8. In keeping with the very Roman picture above, all ordained clergy in the Latin Rite should be permitted to wear decent clerical garb, be given allowances for purchase and maintenance of same, in addition to saturno hats and plenty of cigarettes. 😉

  9. We prefer all ordained clergy wear a recognizable sign that they are ordained. That includes deacons and priests. However the local Ordinaries are the final authority and our Roman deacons are forbidden to wear clericals. We make do with name tags.

    Our Episcopal, Lutheran and Orthodox deacons wear collars.

  10. This is the devil’s advocate view point. . . many don’t think of deacons of the permanent variety as clerics. This goes for many seminarians, priests, and bishops who think the renewal of the diaconate to be a mistake of Vatican II. I don’t know about you but the reconciliation with the SSPX and the Vatican concerns me because the SSPX refuse to recognize the permanent diaconate as being clerics or ordained ministers of the church. I think many in our diocesian organizations feel the same way. I heard a bishop say once that permanent deacons are not clerics as priests are; they are geared different to be ministers to those in need. Really?? The bishop laid hands on me and it looked and felt like an ordination.

    If you look at what has happened recently, many diocese restrict items that have traditional been recognized as part of the diaconate (both permanent and transitional). Examples include the restriction of the use of Rev. Mr.; the wearing of clerical attire including cassocks (which have a collar); many don’t invite deacons as an order to diocesian events such as ordinations of bishops and priests or Chrism Masses or eucharistic assemblies or processions of the Holy Eucharist or (I think you get my point). Many restrict or disallow permanent deacons to preach. Some don’t want deacons to lead communion services at all.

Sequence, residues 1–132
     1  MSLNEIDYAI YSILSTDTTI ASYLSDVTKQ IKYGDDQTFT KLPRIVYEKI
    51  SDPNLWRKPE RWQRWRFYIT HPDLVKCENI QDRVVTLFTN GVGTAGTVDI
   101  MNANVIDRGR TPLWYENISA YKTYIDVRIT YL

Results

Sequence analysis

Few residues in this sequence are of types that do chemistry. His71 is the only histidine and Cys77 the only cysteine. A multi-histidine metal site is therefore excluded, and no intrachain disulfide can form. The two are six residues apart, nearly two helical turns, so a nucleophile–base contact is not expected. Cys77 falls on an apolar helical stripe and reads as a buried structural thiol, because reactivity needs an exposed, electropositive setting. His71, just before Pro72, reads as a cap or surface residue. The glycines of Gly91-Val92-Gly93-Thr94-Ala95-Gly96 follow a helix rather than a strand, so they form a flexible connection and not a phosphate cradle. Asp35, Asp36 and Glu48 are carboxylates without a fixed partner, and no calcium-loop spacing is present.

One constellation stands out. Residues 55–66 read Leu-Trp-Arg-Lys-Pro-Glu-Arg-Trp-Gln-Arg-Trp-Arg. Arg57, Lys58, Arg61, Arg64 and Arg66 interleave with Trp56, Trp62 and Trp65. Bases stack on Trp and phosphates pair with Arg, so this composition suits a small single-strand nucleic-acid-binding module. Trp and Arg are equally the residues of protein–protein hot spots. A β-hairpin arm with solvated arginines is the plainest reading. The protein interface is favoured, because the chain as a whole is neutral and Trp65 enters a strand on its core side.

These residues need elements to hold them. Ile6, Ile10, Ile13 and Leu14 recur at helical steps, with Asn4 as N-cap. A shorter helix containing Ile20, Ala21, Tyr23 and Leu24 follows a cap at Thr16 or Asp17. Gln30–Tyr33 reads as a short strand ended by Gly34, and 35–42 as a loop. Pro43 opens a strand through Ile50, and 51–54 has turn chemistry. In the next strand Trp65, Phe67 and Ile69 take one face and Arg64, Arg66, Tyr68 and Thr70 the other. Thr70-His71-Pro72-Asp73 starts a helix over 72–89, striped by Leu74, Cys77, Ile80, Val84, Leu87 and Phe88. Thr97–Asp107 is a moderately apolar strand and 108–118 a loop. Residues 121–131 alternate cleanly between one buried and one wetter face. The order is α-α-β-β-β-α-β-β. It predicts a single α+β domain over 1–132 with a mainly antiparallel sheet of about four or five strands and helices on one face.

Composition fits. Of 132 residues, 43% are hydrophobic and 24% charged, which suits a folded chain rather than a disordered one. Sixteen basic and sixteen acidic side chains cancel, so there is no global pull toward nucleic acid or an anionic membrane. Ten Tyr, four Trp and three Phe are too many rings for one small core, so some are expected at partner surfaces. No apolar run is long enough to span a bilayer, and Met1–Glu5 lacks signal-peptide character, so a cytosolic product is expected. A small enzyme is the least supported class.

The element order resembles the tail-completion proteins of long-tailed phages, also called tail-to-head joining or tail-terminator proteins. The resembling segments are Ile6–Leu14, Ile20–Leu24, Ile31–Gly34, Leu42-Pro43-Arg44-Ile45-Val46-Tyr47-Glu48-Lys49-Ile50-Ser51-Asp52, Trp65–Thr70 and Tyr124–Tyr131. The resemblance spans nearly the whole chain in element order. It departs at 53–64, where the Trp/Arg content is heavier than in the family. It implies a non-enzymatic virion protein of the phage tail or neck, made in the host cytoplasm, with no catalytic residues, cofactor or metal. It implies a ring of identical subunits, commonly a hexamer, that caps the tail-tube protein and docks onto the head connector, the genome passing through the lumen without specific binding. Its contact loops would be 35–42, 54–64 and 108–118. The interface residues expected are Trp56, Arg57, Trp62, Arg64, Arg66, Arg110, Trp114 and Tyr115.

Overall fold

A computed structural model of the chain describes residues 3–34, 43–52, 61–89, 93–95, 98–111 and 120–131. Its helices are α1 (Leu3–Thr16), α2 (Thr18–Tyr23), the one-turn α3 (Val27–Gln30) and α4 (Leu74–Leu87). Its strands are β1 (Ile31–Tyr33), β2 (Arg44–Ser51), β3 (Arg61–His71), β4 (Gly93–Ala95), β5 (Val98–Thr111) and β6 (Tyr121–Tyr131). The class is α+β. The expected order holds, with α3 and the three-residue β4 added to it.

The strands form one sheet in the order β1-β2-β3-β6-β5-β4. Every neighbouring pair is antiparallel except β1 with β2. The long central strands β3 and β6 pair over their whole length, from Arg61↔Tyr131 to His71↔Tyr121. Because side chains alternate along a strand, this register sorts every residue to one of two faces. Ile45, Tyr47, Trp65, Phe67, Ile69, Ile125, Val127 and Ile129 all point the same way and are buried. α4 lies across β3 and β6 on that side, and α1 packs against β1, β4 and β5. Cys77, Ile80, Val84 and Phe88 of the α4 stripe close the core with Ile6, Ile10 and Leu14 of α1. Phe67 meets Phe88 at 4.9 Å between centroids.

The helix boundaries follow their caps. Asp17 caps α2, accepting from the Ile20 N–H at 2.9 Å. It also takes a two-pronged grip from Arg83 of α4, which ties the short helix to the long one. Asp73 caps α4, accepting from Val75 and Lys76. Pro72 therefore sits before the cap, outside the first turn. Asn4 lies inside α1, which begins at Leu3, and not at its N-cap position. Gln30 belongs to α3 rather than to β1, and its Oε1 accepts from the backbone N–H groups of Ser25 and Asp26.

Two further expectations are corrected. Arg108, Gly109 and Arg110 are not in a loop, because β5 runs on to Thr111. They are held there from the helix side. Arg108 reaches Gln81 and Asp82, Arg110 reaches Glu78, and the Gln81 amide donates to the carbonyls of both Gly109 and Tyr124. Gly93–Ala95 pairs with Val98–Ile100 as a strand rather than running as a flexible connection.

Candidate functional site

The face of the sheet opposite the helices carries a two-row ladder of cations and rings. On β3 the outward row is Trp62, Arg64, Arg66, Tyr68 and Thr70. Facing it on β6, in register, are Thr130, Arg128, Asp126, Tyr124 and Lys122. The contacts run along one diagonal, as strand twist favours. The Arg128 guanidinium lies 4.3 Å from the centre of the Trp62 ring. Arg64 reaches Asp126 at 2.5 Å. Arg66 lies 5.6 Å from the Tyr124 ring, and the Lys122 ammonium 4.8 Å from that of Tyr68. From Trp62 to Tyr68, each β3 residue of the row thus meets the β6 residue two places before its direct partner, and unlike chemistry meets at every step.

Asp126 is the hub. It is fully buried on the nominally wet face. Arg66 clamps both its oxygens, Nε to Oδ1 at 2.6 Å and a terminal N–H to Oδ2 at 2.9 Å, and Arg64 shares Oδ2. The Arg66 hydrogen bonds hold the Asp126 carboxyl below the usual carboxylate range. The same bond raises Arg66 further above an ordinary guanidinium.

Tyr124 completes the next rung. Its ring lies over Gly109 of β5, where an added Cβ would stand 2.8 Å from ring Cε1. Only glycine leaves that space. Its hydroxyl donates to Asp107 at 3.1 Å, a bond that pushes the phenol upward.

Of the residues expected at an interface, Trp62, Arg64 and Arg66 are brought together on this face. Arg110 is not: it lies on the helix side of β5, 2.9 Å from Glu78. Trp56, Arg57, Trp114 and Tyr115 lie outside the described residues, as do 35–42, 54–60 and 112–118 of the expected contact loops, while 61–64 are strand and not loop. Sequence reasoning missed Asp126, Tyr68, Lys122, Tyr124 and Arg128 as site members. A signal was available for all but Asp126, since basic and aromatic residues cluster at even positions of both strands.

The church in the US need to make up their minds. Either they want deacons or they don’t. If they don’t, stop ordaining them and let the order die out again. Why keep something around that is going to be slammed every step of the way. Protestant deacons and clergy get more respect for the work they do than those of the deacons who minister to the poor, sick, elderly every day. I don’t think many of the deacons would change what they do in the community – they would continue to be leaders in their ministries.